If the control signal, CS, to drive the sense amplifier circuit turns from “low” to “high” with the voltage offset between the first and second internal nodes IN1 and IN2 being reduced, the pre-charge transistors 28 and 30, the equalization transistors 20 and 32 and the first and second equalization control transistors 34 and 36 are all turned off. Capacitance between the gate and source, and the capacitance between the gate and drain of the first and second equalization control transistors, 34 and 36, raise the level of voltage at the source and drain nodes thereof. The source and drain of the first equalization control transistor 34 are connected to the first output node ON1 and the first internal node IN1 respectively. The second output node ON2 and the second internal node IN2 are connected to the source and drain of the second equalization control transistor 36 respectively. Therefore, equally increasing the level of voltage at the drain and source of the NMOS transistors, 14 and 18, to prevent any influence.

As described above, if the voltage offset in the first and second internal nodes IN1, IN2 is reduced by the control of the first and second equalization control transistors, 34 and 36, the voltage offset caused by a mismatch should also be reduced. As a result, the sense amplifier circuit illustrated in FIG. 3 is normally operated even with an input of small voltage offset, thereby making it possible to predict a good sense margin.

There is an advantage in the CMOS cross-coupled sense amplifier circuit of the present invention in that a good sense margin of the sense amplifier is obtained in spite of an a mismatch in the characteristics of the transistors. According to an embodiment of the present invention, the level of voltage at the drain and source of the NMOS transistors constructing a latch can be held at a substantially identical electric potential of voltage during the pre-charge step and during the initial operation.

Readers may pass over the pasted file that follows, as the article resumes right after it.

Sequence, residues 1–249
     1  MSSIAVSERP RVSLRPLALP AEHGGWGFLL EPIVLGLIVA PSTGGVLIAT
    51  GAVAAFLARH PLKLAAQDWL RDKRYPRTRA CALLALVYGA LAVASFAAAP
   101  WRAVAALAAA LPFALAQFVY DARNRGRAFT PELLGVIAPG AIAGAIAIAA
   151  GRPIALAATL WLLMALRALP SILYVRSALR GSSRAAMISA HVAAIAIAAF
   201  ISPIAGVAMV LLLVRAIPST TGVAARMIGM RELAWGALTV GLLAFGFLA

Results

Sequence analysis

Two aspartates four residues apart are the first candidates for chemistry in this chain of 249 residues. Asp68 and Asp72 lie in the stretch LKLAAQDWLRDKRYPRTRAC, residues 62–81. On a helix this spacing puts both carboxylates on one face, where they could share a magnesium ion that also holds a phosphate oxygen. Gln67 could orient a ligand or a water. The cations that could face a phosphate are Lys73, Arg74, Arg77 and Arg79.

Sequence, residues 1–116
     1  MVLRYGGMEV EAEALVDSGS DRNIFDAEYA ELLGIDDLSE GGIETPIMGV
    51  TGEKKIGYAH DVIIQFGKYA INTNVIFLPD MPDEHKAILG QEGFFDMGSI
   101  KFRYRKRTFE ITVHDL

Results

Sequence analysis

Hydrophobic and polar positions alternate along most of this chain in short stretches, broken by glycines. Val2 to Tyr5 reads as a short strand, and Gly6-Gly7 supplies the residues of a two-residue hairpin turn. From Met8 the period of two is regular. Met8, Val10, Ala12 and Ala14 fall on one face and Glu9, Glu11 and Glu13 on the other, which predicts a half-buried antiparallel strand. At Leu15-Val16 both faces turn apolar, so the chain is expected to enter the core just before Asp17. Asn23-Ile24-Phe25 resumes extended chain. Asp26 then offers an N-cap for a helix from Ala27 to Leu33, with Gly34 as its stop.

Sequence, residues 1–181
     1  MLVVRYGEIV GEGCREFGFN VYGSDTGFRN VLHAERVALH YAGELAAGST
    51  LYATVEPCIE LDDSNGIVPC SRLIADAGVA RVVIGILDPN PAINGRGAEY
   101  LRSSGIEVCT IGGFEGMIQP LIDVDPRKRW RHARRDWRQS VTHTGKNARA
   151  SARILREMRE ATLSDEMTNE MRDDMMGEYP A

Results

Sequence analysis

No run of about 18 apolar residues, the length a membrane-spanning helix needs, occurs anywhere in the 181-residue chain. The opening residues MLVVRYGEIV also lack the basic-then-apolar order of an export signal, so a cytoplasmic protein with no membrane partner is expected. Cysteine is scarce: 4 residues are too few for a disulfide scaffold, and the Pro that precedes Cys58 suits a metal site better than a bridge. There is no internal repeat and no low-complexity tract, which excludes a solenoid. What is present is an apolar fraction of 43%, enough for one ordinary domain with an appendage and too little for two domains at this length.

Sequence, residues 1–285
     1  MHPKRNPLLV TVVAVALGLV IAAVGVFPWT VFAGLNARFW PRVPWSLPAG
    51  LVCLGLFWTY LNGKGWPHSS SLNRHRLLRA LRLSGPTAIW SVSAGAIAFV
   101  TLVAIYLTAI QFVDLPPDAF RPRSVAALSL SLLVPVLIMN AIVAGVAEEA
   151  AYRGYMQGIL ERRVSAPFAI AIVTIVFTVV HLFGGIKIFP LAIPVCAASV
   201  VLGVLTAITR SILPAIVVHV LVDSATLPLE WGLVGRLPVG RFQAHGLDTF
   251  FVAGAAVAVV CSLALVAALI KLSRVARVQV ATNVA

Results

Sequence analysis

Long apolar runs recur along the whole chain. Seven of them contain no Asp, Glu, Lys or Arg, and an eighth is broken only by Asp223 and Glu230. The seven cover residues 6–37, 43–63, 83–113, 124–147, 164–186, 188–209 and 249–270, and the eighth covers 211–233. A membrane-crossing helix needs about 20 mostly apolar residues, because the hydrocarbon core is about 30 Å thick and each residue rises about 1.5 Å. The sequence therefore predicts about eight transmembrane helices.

Having described embodiments for a CMOS cross-coupled sense amplifier circuit that detects and amplifies data of memory cells, it is noted that modifications and variations can be made by persons skilled in the art in light of the above teachings. It is therefore to be understood that changes may be made in the particular embodiments of the invention discloses which are within the scope and spirit of the invention as defined by the appended claims. Having thus described the invention with the details and particularity required by the patent laws, what is claimed and desired protected by Letter Patent is set forth in the appended claims.

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Classifications
U.S. Classification327/55, 327/57
International ClassificationG11C7/06
Cooperative ClassificationG11C7/065
European ClassificationG11C7/06L
Legal Events
DateCodeEventDescription
Apr 28, 2014FPAYFee payment
Year of fee payment: 12
Apr 28, 2010FPAYFee payment
Year of fee payment: 8
Apr 14, 2006FPAYFee payment
Year of fee payment: 4
Nov 27, 2001ASAssignment
Owner name: SAMSUNG ELECTRONICS CO., LTD., KOREA, REPUBLIC OF
Free format text: ASSIGNMENT OF ASSIGNORS INTEREST;ASSIGNORS:SONG, TAE-JOONG;LEE, JIN-UOK;REEL/FRAME:012335/0603
Effective date: 20011110
Owner name: SAMSUNG ELECTRONICS CO., LTD. 416, MAETAN-DONG, PA
Free format text: ASSIGNMENT OF ASSIGNORS INTEREST;ASSIGNORS:SONG, TAE-JOONG /AR;REEL/FRAME:012335/0603